Madden NFL 2001 Review

Madden NFL 2001 Info

genre

  • Sports

players

  • N/A

Publisher

  • EA
  • EA Sports

Developer

  • EA

Release Date

  • 01/01/1970
  • Out Now

Platform

  • PC
  • PS
  • PS2

rating

A New Gridiron Titan.

Okay, so I know what you’re thinking. Yet another football game, on yet another
game platform, from yet another company. But let’s face it, this is Madden
2001
football on the PS2 by none other than EA Sports. I went into it with
high hopes and was not disappointed. If you’re one of the privileged few who own
a PS2 at the time this is penned, then I’m here to tell you why this game better
be sitting in your collection (if not still in the machine after a long night
of play).

At first glance, Madden 2001 doesn’t seem to bring any new courses
to the table- just the solid package of standard features that long-time fans
of the series have come to expect. Play modes like Exhibition, Season, and Franchise
(which allows you to coach a single team across multiple seasons) are typical
Madden. Tons of options, a wide range of offensive and defensive plays
and strategies laid out by the former NFL coach himself, and varying degrees
of difficulty allow a neophyte to pick up a controller and play, while providing
significant challenges for the seasoned vet.

Despite these status quo features, as you begin to play this game, many of the improvements come quickly to light.

No detail has been spared in the recreation of the environment of an NFL game.
Jerseys, helmets, numbers, names, and even body size are all right on the money
with their real life counterparts. The crowd noises are extremely realistic,
responding accurately to big plays by the home team and generally matching the
tone of the game (you’ll even hear the stadium announcer calling out cars in
the parking lots with their lights on!). Stadium lighting, including artificial
lighting, natural lighting, and even night games are effectively simulated.

And of course you have the game announcers: John Madden and Pat Summerall, with Lesley Visser adding side notes from the field and the locker room. Nothing spectacular with the commentary, but then again, when was the last time you saw “spectacular” announcing in an NFL game? (unless you’re among the select few who can appreciate Dennis Millerisms like, “Perhaps the referees were not really penalizing Denver for delay of game, but in fact were trying to let Paris know that CondíƒÂ©-sur-l’Escaut had been captured from the Austrians.”) Yikes!

Nevertheless, the commentary is very realistic, seamlessly including player
and coach names and specific commentary on most of the “elite” NFL players.
There’s obviously quite a bit of repetition, but that’s nothing new. I’ll admit
it, I’m a John Madden fan – whenever he abuses the players or your coaching
calls, I have to chuckle.

Of course none of this realism would be worth much without top-notch gameplay,
and though Madden 2001 may not be the equivalent of a 55 yd, one-handed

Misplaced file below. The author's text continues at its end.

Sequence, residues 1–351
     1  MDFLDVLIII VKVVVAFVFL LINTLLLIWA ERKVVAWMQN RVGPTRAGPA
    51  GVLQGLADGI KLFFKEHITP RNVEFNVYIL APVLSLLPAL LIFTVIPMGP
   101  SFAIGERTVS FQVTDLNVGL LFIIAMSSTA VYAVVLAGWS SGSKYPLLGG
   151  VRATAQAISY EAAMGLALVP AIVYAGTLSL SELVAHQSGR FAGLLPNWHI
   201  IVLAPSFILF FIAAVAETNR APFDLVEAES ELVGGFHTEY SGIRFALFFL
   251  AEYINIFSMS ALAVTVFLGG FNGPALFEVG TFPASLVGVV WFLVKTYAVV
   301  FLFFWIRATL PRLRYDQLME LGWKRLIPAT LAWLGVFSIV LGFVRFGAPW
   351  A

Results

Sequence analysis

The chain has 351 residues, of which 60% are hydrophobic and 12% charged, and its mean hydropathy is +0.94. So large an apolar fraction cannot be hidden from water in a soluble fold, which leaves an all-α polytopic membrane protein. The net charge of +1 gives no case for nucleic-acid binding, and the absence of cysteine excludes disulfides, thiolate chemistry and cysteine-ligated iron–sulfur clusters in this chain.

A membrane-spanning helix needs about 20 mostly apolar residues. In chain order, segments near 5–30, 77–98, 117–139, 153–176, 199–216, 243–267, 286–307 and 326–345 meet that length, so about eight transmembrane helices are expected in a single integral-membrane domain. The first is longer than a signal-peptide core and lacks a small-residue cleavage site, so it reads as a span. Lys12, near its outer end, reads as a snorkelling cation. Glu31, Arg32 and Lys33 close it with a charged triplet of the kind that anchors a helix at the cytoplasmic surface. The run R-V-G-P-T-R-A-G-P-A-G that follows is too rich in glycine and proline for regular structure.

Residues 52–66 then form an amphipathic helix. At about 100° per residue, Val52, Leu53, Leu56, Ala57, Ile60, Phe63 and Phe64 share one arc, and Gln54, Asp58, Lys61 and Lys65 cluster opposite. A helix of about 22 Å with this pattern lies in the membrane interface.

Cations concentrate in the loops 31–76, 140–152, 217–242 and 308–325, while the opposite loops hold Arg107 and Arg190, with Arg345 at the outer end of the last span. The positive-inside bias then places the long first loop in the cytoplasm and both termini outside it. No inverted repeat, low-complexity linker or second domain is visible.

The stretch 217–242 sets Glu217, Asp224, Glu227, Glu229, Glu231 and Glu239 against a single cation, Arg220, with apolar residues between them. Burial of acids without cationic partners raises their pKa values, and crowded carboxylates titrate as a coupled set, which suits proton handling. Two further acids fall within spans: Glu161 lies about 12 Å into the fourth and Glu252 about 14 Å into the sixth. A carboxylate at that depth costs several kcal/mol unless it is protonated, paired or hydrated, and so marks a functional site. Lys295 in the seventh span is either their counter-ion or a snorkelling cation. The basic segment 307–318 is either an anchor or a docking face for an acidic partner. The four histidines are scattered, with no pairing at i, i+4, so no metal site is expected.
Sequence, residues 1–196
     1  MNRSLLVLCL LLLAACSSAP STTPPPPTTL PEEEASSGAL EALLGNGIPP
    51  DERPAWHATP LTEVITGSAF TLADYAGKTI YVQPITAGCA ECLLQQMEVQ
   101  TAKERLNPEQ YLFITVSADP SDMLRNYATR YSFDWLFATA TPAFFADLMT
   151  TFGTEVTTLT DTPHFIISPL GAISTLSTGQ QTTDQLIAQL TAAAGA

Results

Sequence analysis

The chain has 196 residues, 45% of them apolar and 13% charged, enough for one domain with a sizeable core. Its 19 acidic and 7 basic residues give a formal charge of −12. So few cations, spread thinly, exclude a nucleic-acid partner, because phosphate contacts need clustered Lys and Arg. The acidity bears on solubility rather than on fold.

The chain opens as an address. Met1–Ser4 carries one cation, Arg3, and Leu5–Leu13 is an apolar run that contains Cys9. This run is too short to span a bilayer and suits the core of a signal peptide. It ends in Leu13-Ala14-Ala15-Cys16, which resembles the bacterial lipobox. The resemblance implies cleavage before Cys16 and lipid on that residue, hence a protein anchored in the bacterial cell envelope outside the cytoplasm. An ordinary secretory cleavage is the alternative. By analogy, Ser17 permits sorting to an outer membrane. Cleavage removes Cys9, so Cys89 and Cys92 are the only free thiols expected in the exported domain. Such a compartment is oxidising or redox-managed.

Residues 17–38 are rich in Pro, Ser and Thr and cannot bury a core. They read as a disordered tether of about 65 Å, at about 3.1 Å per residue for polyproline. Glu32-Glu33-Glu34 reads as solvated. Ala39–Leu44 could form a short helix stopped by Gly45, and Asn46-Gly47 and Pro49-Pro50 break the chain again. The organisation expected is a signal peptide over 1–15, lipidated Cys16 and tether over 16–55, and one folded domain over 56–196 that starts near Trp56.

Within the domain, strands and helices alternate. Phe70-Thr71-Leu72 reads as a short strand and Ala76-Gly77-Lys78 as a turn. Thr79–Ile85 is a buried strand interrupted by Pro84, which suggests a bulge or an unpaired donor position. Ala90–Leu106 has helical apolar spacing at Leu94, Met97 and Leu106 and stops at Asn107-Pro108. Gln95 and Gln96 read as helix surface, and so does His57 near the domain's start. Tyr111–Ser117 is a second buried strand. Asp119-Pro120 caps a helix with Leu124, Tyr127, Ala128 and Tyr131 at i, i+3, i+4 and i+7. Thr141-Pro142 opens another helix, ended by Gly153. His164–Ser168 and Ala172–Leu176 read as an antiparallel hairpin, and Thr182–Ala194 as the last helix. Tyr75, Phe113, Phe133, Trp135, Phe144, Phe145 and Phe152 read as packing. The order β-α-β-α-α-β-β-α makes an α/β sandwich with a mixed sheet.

catch by Randy Moss, it certainly ranks amongst the best on the market. Here’s
why.

The
Madden 2001 engine is the most effective simulation of the real physics
of the game I have seen to date. It uses a momentum-based system in which players
have to slow or stop their motion with each move and cut. The smaller, quicker
running backs do this faster than a big lineman. Big running backs can break
tackles and plow through small safeties. Fast receivers blow doors on mediocre
cornerbacks. Expect the players to react on the field the same way you’ve seen
them react in the real games, and that’s a pleasant surprise.

The result is breathtakingly real. The animation is smooth, with no hitches
or delays, and the movements of the players themselves, whether jumping, running,
or tackling, is superb. There’s some minimal pixelation around the edges, but
certainly the detail is nicer than its
PSX counterpart
.

However, some may find the tackling to be a bit flat. Players don’t really
jump outward so much as upward, and trying to catch up to a breakaway runner
can be a frustrating experience. I’ve seen Ricky Dudley, the monstrous TE for
the Raiders, handily outrun the entire Bronco backfield. That shouldn’t happen…ever.

As always, there are tons of ways to customize the game to your liking. The easy play option gives significant computer assistance in play calling, running, passing, and catching. Great for newbies, though gridiron experts will jump straight into Pro, All-pro, and All Madden levels of play, which I have yet to master. Dozens of settings allow you to control penalties, the play clock, camera views, replays – nearly every aspect of the game.

Completing various tasks through playing rewards you with tokens good for
Madden Challenge Cards. These electronic digital trading cards can be collected,
traded, and even earn you special assists and cheats while playing the game.

Many wonder if this game can compete with the stellar NFL
2K1
for the Dreamcast. Honestly, the comparison isn’t really fair. NFL
2K1
is the sequel to a launch title, meaning they had a full year
to work out the kinks and improve the game. On the other hand, Madden 2001
represents the infancy of PS2 programming and we’re likely to see bigger and
better stuff in the future. NFL 2K1 gets the nod due to its online play,
but Madden offers more in terms of depth and realism. Apples and oranges,
really.

Simply put, Madden 2001 will provide you (and up to three of your friends
via a Multitap) with many hours of great fun. While is may not break the mold
of the genre, it does sit at the top of its class. After you’ve played a game
you’ll feel like you just participated in a real NFL game and that’s addictive
to any football fan. I’ve got the controller blisters to prove it.



REVOLUTION REPORT CARD

4.5
Rating
Smooth gameplay!
Amazing realism
Very customizable for all skill levels
Tackling isn't great
Nothing terribly new